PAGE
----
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The revival of legal blogging

Most lawyers prefer to explain the law to their own clients rather than to the world in general. Such an approach is short-sighted, writes David Allen Green

1 February 2016

About two or three years ago it seemed legal blogging had gone as far as it could. There were many good legal bloggers - some outstanding ones - but legal blogging had not really taken off, at least among practitioners. It instead appeared to be a medium dominated by academics, other non-practitioners, barristers towards the start of their careers, or by solicitors with too much time on their hands.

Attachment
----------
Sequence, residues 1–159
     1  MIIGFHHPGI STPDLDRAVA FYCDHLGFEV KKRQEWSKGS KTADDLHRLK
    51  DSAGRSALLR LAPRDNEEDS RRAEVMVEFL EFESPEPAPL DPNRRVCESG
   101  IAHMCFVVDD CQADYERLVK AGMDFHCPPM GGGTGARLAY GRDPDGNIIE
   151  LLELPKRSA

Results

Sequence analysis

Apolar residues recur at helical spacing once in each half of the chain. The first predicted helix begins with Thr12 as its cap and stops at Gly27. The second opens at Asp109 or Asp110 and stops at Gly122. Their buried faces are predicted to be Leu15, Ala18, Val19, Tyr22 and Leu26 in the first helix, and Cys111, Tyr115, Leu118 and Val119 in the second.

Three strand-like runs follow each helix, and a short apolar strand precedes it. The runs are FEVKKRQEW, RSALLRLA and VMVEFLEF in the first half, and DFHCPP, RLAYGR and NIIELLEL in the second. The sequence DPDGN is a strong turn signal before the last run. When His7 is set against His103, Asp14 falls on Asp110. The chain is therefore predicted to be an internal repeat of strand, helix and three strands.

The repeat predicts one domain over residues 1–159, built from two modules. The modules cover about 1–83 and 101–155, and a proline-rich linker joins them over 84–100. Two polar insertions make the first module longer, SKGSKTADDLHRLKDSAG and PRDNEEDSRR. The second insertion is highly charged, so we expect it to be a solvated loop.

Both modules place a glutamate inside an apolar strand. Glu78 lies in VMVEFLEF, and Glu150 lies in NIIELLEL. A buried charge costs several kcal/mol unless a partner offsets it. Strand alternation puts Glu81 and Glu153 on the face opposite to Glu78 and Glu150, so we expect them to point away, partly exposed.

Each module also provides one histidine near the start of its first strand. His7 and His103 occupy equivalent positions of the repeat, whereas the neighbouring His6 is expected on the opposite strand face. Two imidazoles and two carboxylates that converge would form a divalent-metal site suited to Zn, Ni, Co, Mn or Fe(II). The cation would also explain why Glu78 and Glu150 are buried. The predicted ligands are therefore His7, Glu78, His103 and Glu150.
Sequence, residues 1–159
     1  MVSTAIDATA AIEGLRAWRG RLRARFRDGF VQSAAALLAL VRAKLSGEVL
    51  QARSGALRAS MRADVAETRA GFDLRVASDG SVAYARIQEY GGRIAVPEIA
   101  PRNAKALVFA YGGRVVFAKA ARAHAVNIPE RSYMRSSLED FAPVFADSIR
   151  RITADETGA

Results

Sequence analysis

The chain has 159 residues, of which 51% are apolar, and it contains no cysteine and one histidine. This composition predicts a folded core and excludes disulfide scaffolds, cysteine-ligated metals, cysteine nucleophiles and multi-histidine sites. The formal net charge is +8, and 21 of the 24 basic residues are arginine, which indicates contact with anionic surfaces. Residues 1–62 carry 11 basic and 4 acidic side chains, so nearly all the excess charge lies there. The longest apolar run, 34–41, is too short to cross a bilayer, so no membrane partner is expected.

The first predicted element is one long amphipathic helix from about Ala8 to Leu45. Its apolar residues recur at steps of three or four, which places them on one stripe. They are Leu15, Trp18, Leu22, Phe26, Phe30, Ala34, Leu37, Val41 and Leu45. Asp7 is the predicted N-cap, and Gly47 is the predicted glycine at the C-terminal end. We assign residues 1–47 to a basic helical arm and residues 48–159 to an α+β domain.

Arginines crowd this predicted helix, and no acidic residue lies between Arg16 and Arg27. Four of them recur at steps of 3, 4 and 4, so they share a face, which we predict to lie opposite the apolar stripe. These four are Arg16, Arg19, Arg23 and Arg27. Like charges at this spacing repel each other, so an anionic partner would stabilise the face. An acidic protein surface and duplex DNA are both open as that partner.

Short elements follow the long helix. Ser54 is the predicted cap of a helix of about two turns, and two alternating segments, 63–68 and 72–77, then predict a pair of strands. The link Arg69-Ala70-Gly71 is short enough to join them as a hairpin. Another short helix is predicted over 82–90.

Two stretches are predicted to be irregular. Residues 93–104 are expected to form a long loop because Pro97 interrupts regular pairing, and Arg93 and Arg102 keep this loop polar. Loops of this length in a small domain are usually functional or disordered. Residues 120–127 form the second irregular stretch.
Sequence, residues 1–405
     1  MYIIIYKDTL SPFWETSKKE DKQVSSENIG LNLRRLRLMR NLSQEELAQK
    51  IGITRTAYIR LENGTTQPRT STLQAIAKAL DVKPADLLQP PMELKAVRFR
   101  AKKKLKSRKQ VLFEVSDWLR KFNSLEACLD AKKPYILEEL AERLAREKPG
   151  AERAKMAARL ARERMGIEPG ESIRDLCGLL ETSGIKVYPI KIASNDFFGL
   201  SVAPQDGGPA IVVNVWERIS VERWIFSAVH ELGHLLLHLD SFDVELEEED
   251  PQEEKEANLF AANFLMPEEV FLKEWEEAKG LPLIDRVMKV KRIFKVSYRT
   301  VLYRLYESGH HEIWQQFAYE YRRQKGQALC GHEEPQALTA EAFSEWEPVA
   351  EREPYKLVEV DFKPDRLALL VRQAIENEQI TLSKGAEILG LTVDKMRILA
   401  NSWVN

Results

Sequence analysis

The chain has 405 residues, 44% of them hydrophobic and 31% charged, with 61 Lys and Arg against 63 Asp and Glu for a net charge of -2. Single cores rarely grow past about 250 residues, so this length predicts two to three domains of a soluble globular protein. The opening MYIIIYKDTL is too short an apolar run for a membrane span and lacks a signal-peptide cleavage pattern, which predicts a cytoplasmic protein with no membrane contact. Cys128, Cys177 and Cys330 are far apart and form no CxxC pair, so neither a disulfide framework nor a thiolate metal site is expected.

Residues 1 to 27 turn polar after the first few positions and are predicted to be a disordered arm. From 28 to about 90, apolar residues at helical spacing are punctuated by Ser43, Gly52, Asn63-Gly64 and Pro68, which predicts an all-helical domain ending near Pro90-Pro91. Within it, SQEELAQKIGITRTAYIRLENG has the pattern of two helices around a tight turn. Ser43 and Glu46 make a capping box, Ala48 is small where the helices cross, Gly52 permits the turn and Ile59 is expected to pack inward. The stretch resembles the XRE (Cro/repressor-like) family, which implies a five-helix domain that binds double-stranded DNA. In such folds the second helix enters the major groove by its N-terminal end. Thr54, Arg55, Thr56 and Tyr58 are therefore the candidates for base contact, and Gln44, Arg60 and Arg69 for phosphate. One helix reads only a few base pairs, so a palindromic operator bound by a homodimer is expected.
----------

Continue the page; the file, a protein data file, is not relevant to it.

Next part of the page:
This was a pity, as blogging is a wonderful way to explain law to a wider audience. Of course, there is no shortage of ways of writing about law, from notices and reviews to case summaries statutes, contracts and pleadings, which are the very stuff of the subject.

But blogging offered something new: it could be done quickly in response to emerging events, there was no need for print deadlines or word counts, and you could link to the sources on which you were relying. It was like pamphleteering with elec...

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